Please stay with me for a moment while I discuss dentists. I have been in Petersfield for 30 years. Every dentist has told me my gums are bad, but they can cure the problem. My super Russian dentist was the first and, after a few months, all was well. For 20 years, that is, until she retired and I moved on to Archie. He told me my gums were bad, but he could help. Of course, he did, until he retired on ill health and along came Charlotte, who told me my gums were bad. She, however, has sent me to a specialist in Winchester.
I am dubious about the specialist treatment I am paying a great deal for. However, I am a good public school boy and do (almost) all doctors and dentists tell me to. As such, I am following the plan. Will it work? Probably, because I am paying so much and committing so much time.
There is a parallel here with the financial adviser; not the dubious bit, I should add. Most people find adviser charges are higher than they anticipate, according to multiple research papers. However, if the adviser truly sells the plan and the client makes the decision to go with it, the battle is pretty much won.
The good adviser paints a picture of life goals being achieved because financial plans are set and adhered to. I hear few cases of clients not staying with a plan once agreed.
Now I am going to look at another such relationship – that with my solicitor. Because of family circumstances, I have spent more time with my solicitor than I would choose to. They have carried out excellent work for me on wills, will trusts and lasting powers of attorney.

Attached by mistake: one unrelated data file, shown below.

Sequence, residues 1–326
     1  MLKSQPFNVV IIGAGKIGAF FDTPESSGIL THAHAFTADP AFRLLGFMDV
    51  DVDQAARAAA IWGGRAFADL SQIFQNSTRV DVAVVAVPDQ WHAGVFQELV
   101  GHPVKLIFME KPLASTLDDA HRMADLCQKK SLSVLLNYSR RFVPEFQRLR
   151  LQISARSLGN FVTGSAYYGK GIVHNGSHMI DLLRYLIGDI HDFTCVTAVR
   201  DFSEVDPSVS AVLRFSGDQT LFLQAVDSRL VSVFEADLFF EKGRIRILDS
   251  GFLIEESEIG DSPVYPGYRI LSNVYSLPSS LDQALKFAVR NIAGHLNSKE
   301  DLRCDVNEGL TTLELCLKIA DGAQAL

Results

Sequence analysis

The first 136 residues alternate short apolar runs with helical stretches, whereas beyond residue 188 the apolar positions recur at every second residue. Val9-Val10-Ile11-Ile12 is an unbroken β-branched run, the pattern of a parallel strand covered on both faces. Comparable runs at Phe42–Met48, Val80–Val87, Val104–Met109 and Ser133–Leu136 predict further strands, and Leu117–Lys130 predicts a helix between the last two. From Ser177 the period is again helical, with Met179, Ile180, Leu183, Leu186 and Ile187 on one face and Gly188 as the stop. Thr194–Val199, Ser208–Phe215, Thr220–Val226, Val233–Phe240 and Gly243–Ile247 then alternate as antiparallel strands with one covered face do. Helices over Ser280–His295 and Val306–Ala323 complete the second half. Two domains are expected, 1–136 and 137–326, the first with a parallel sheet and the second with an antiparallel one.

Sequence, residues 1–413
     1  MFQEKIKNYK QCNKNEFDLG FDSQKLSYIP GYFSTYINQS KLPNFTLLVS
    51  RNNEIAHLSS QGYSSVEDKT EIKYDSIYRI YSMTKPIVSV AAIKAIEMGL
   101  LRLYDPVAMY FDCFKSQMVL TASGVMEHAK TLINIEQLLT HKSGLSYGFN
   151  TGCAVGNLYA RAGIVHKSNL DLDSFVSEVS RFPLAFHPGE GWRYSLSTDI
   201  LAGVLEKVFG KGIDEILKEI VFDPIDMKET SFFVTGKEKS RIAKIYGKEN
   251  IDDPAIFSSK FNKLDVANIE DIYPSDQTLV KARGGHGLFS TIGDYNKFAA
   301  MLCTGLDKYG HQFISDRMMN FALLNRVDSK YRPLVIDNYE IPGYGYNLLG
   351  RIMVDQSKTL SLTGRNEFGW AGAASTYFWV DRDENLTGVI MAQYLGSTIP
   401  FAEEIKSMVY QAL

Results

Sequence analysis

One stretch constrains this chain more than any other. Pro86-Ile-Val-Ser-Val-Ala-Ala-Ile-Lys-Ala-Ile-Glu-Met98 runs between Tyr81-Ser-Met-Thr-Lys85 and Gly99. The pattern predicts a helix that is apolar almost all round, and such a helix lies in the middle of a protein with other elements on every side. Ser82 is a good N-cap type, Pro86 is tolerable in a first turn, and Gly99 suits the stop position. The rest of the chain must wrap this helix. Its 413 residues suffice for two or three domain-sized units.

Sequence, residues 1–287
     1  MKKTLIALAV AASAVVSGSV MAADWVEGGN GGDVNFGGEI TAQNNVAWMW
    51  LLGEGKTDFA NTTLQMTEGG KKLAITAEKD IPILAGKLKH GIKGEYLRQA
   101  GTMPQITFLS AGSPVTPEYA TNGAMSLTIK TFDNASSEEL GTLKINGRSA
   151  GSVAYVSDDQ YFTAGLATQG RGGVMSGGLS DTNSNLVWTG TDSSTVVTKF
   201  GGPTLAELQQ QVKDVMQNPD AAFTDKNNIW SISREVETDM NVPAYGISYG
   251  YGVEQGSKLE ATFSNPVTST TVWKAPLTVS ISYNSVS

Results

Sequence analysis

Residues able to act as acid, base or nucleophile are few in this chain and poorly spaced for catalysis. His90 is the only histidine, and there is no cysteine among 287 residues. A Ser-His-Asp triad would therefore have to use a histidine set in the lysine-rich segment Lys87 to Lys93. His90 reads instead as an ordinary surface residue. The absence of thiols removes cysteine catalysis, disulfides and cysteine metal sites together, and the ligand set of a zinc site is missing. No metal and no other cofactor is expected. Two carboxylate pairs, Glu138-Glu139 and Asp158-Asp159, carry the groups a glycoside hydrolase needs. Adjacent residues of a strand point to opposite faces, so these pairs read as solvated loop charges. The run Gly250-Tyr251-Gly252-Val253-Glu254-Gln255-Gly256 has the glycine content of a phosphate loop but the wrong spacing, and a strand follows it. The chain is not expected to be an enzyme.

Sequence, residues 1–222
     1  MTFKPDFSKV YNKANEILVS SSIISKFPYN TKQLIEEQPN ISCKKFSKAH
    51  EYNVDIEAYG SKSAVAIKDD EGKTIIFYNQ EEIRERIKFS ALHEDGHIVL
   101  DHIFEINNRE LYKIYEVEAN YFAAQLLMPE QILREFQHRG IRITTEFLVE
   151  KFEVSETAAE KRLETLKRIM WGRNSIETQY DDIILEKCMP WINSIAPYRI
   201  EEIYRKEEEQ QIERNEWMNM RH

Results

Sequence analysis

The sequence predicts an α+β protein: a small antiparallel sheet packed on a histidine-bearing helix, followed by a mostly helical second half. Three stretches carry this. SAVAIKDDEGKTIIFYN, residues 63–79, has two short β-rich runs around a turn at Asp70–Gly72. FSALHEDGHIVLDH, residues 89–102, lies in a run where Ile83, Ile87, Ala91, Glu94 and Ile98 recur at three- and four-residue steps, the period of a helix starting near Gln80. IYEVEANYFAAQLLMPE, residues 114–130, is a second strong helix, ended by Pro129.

Their costs are incredibly low, for three reasons:
- I deal with the cheapest but highest-qualified person for the work;
- Because they are totally competent, they spend their day working and not researching;
- They are in competition on price. When I asked why they were so cheap, I was told a firm in Chichester was cheaper.
However, there is a downside: I have no relationship with my solicitor. Every time I want something new, I start again. The good adviser maintains a relationship.
I would prefer a situation with my solicitor combining the competence and good value I experience now, but where there was also a link with, say, a partner, who “owned” the relationship. There is a clear message for me here. I want the best of both worlds. When I have a problem, I want to deal with an expert, whether on trusts, defined benefit schemes, tax wrapper management, etc. Experts at good solicitors are not expensive unless you get into unusual or complex areas.
The same should be true at adviser firms. Experts at paraplanner level should be employed in all areas that form part of the firm’s proposition. The adviser’s role is gaining clients and managing the relationship.
For me, I want a continuing relationship with the firm and with my adviser. That way, I am reassured someone knows all about my affairs and can direct me to an expert when required.
Clive Waller is managing director of CWC Research